We often listen to music as we exercise, but why? Among other things, it distracts us from feeling tired or noticing small aches and pains. It provides a rhythm which our bodies try to match, thereby pushing us to go further, longer, or with greater intensity—enhancing our performance. It gives us the impetus to get moving.
When using music for exercise, you may have already noticed that:
Your music choices are personal—tied to your moods and goals, your language, culture, and background. While hip hop and rock seem to be on many playlists, you may not like those genres, or you might want more variety.
So let’s look at how you can expand your playlist to meet your changing needs. Spotify is a good place to start, since it is free and has a huge range of musical possibilities from which to choose. You can begin by searching for “exercise playlists,” or perhaps something more specific like “Irish exercise music, “or “classical exercise music.” You can also Google “exercise music,” or search on Pandora. I have also looked at YouTube exercise videos, Amazon exercise and music videos, and iTunes. Without a doubt, there are many more sites and the options keep growing.
How else can music help us? Using music can help us with depression and pain management, and it can improve our feeling of being in control. We can use it to help us sleep or to get us into a trance-like state. This leads us into the field of music therapy, which we will investigate at another time.
Start with the Breath
Here is an exercise for calming that I find very helpful. Start by finding a time and place where you can be uninterrupted for a while. Get into a comfortable seated position where your spine is in good alignment and you can breathe freely. You can sit on a chair with your legs apart, or sit cross-legged on a cushion on the floor. Using whatever techniques you may have already learned, take some deep diaphragm breaths until you are fully aware of your breath. When you are ready, make a low sighing sound on your next exhale, and let the pitch get lower as you breathe out. Repeat. On your next exhalation settle on a pitch, sing it, and stay on that pitch until you run out of air. Inhale, then exhale, and continue to produce the same pitch until you again run out of air. Repeat.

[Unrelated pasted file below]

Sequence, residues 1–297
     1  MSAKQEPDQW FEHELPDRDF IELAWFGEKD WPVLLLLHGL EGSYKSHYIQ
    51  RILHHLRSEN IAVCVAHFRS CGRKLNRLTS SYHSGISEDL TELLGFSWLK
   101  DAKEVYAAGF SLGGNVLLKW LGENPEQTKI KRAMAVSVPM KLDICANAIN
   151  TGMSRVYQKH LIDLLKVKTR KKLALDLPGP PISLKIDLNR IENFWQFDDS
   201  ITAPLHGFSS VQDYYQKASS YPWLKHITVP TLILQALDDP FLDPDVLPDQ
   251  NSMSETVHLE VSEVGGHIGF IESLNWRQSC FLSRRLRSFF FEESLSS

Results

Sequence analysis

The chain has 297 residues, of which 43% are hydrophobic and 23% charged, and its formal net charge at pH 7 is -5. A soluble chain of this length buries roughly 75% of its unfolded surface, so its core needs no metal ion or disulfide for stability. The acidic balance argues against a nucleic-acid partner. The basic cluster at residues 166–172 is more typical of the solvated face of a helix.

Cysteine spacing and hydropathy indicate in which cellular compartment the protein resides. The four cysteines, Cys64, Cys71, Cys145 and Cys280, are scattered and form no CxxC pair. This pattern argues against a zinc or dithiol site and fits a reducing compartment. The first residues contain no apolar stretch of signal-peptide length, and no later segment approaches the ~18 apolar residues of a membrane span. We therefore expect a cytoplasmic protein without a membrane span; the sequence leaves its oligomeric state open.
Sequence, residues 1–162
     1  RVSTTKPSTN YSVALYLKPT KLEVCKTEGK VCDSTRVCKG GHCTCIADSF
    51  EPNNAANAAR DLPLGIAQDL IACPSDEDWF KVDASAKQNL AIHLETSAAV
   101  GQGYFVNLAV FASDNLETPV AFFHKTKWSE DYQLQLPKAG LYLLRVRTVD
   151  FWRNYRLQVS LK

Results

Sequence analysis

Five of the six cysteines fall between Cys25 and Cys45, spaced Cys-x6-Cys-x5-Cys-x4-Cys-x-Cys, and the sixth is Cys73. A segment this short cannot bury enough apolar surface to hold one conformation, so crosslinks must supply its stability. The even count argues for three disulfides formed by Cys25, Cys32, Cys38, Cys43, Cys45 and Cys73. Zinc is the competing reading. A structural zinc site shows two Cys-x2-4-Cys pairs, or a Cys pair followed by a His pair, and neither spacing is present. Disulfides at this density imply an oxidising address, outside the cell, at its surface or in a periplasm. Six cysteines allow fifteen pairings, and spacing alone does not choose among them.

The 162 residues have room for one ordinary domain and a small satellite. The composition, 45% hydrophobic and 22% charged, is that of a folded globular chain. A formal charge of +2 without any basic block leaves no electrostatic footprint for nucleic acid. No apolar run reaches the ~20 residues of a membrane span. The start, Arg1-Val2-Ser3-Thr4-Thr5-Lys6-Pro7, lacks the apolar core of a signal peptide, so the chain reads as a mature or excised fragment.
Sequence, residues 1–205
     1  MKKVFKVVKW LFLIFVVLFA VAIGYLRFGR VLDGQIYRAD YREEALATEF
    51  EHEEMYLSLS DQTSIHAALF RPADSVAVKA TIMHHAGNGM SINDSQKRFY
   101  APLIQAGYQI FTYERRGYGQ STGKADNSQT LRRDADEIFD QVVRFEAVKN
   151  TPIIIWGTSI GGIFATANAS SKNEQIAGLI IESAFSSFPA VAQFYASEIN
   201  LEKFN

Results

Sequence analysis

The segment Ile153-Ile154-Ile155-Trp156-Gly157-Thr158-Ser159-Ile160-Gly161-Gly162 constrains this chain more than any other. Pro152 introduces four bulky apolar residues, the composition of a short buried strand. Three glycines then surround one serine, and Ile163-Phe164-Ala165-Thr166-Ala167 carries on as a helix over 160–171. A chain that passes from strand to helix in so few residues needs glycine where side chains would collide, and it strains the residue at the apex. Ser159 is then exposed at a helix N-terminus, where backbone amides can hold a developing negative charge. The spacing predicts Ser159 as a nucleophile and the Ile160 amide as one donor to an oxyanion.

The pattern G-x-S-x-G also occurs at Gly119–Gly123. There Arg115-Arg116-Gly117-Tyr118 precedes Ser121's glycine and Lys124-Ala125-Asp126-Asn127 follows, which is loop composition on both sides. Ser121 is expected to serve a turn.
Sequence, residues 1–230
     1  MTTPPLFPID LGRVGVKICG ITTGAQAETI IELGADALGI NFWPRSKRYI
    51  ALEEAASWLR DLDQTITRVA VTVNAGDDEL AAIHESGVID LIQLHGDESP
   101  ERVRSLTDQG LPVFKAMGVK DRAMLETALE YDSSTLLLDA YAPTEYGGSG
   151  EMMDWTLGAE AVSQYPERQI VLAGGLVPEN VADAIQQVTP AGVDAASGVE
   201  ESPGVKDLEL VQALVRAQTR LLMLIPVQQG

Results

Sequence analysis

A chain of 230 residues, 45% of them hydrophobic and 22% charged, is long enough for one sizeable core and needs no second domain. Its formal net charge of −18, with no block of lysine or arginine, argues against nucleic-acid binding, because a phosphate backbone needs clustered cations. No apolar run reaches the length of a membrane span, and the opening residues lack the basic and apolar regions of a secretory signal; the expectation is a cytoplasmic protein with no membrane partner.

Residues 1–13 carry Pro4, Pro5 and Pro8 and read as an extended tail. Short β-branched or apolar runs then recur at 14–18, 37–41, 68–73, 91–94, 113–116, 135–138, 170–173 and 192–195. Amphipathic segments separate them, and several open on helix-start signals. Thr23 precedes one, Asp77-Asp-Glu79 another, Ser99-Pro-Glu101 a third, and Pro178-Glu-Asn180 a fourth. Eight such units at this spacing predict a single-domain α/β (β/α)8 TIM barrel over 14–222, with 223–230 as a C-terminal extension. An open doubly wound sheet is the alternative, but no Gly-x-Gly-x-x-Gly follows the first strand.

At this point you can sing your note while you listen to a chant, or you can begin to chant, hum, or sing something of your choice: a religious chant, an affirmation, or a favorite song. If you are in a group, you can have a sing -along. Or, you can listen to something peaceful that is at a relatively slow tempo. There are chants available in many religious traditions and languages, or you may want to listen to warm and soothing music written for plucked instruments such as the lute, guitar, and oud. Perhaps you might prefer the Beethoven Romances for Violin and Orchestra or something on piano like Erik Satie’s Gymnopédies. The CDs Bedtime Beats and Cello Adagios might give you some more ideas, and the inner movements of symphonies and concerti can also be good options.
Movement to Music
Let music help optimize your health. Happy exploring. May you enjoy the journey!